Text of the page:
We spend four days (but wish we had five) exploring three of the Scilly Islands keeping busy with lots of active, outdoors adventures and refuelling on great local food.

St. Martin’s makes a great base, as does St. Mary’s for those who fancy a bit more commerce and restaurant choices. Here’s a suggested itinerary with our highlights:

Day One

Walk across St. Martin’s from Lower Town to Higher Town, where you’ll find the post office, a tearoom and the island bakery. It will give you a great feel for the intimacy of the island and it’s 80 residents and plenty of opportunities to snack on the ever-present wild blackberries, depending on the season. Paths off the main road lead to some of the best beaches on the Scilly Isles. Finish the day with a swim and dinner at Karma.

Day Two

Take the Tresco Boat Service to this privately owned island.

Hire bicycles from the Bike Shop next to the Tresco Stores, which is a must for local fudge and other goodies.

The entire island is 2.5 miles long and a mile wide, so it’s an easy ride to Tresco Abbey Garden, which attracts garden-lovers from all over the world to visit the sub-tropical garden.

The climate is so unique; the 20,000 plants that grow here would never survive on the mainland.

The 17-acre gardens are like Jurassic Park, with unusual flowers, trees, birds and other creatures – all incredibly vibrant and over-sized.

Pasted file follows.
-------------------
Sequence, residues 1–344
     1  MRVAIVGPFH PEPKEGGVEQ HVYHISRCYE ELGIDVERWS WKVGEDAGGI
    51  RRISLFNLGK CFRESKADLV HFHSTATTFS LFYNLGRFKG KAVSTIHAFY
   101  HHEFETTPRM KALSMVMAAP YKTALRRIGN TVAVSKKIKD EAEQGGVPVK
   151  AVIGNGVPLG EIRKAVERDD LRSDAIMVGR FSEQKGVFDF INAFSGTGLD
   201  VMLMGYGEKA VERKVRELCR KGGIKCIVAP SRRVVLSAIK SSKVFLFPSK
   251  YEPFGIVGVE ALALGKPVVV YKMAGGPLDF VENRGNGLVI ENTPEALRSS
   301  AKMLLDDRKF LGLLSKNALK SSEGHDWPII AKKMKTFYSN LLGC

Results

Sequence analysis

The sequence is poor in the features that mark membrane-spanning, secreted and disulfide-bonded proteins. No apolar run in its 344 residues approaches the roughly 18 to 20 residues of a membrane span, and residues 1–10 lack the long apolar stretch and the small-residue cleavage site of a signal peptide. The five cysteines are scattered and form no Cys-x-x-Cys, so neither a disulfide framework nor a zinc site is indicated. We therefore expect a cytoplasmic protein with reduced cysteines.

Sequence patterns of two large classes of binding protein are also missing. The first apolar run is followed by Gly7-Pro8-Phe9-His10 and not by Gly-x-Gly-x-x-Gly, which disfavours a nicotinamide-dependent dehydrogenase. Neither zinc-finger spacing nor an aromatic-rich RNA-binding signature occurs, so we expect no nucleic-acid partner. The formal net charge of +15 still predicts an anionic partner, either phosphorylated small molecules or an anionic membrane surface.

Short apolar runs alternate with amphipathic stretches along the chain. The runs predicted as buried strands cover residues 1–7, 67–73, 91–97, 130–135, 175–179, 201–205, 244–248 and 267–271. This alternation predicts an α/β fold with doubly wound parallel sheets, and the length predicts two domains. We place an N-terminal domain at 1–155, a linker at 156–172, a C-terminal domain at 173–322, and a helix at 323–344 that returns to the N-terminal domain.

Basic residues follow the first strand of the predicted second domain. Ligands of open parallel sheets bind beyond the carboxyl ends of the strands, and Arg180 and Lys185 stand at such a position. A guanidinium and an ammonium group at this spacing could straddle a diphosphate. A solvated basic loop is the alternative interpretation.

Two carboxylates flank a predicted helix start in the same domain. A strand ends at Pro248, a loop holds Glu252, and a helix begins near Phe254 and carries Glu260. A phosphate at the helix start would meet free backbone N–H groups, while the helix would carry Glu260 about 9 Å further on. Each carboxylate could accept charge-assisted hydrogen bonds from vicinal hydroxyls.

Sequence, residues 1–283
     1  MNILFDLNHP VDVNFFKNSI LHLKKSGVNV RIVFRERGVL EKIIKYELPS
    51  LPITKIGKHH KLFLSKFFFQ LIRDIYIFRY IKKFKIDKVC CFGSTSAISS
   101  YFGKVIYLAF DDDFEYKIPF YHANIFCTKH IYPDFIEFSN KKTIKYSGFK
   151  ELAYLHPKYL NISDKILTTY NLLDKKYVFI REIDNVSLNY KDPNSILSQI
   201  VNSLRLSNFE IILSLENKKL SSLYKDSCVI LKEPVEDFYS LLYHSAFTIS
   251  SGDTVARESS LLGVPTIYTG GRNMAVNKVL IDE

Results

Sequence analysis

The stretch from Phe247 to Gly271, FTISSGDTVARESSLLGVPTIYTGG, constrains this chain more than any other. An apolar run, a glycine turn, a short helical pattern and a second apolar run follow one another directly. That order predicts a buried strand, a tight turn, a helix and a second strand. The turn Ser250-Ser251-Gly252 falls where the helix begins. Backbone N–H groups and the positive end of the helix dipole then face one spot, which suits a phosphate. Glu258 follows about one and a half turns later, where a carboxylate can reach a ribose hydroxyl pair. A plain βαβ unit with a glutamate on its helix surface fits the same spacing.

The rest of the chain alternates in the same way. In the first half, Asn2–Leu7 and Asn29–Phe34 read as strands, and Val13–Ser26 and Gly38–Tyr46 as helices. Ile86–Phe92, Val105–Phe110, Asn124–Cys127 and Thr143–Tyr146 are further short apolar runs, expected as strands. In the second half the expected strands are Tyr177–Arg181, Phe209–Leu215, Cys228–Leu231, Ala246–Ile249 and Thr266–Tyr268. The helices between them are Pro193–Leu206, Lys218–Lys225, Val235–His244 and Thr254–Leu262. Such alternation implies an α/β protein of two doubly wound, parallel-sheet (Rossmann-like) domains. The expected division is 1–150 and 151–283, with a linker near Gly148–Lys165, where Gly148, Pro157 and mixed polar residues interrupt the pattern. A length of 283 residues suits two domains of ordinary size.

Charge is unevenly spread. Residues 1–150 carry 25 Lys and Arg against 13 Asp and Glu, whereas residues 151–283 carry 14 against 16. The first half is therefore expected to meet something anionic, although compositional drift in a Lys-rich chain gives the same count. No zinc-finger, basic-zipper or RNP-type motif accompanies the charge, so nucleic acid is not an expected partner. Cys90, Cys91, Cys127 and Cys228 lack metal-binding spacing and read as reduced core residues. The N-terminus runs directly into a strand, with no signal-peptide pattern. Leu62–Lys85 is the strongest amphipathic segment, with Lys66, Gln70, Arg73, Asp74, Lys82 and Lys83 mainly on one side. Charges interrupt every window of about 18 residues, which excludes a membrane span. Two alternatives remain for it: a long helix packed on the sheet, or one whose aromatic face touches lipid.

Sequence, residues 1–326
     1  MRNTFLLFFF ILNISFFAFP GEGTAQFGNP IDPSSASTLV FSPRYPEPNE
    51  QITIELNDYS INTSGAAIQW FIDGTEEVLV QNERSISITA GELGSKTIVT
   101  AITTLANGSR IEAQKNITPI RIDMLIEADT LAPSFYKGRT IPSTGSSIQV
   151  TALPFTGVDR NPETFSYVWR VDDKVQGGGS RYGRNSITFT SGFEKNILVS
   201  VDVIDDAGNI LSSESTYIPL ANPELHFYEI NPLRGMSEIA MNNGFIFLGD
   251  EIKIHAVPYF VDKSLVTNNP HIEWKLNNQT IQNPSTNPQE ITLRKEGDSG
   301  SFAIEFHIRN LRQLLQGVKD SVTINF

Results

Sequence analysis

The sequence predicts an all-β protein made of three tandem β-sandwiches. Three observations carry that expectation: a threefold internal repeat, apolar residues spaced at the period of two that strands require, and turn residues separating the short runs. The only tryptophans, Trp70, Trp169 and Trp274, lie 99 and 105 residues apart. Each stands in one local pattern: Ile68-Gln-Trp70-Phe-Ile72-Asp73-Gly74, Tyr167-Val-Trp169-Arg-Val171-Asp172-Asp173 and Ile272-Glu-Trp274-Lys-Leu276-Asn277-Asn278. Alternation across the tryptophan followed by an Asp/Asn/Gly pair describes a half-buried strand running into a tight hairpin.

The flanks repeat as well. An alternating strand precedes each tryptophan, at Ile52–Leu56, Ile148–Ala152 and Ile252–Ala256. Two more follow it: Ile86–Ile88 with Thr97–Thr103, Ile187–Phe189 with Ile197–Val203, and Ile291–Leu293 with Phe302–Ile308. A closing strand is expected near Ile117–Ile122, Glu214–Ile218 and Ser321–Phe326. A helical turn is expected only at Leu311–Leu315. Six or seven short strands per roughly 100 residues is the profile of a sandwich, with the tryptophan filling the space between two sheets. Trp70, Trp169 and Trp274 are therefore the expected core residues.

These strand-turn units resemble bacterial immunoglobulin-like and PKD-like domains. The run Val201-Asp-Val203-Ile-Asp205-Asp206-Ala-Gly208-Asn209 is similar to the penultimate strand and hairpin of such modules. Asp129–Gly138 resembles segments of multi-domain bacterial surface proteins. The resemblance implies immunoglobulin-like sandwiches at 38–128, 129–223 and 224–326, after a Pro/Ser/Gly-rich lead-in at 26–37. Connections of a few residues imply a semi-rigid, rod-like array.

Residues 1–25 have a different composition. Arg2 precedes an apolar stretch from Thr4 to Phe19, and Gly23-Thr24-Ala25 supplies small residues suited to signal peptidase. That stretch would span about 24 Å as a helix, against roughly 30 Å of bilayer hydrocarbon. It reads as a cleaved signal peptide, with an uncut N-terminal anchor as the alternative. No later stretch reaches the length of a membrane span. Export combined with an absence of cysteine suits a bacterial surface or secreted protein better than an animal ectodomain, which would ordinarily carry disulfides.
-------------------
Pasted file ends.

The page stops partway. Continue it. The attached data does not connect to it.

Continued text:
Continue by bike, following the coast, until you get to the Ruin Beach Café.

A range of dishes are on offer, but there’s only one thing to order here: the gigantic crab sandwiches on homemade bread. It’s an, “I’m so full, but it’s so good,” affair. Gluten-free eaters are catered for with wheat-free bread and cakes.

Day Three

Enjoy a quiet morning exploring St. Martin’s beaches and spend the afternoon snorkelling with seals. You’ll be kitted out in thick wetsuits to keep warm, and taken by boat to a protected seal reserve where the mammals pop their heads above water and stand waiting on the shore for swimmers to play with. They really do snuggle up, sometimes quite by surprise.

Day Four

Head to St. Mary’s and meet up with Nick Lishman, owner of Adventure Scilly and founder of the annual Scilly Swim Challenge.

The Swim Challenge sells out within two days of opening for registration every November. It’s an all-day, all-island swim, covering more than 15km.

It’s more fun, than competitive with lots of tea and cakes in between. Lishman organises custom itineraries for adventurers. And, if a taste of the open water swim is what you’re after, Lishman can provide a bespoke experience based on distance, trailing in his motorboat.

We took on the 4.5km leg from St. Mary’s to St. Agnes. The brisk, exhilarating swim worked up our appetite for a hearty meal on St. Mary’s at Juliet’s Garden, after a stroll through HolyVale Vineyards, one of two on the Isles producing local wine.

Set on a hill, with views across the harbour, the staff at Juliet’s make the evening memorable. Fresh local seafood and a warm marmalade Bakewell tart are their specialties.

The Island Partnership and Visit Isles of Scilly hosted Amy’s trip.

Getting there

By air
Isles of Scilly Travel Skybus flights to St. Mary’s
By sea
The Isles of Scilly Travel passenger ship, Scillonian III, sails from Penzance Harbour to St. Mary’s.

To book tickets visit:


Great Western Railway
Trains from London to Exeter, Newquay and Penzance on:

Karma St. Martin’s

St. Mary’s Hall Hotel, St. Mary’s
Tresco Island

Ruin Beach Cafe, Tresco

Juliet’s Garden Restaurant,  St. Mary’s

Holy Vale Vineyard

Adventure Scilly

Scilly Seal Snorkelling

Scilly Swim Challenge

St. Mary’s Boatmen’s Association
Tresco Boat Services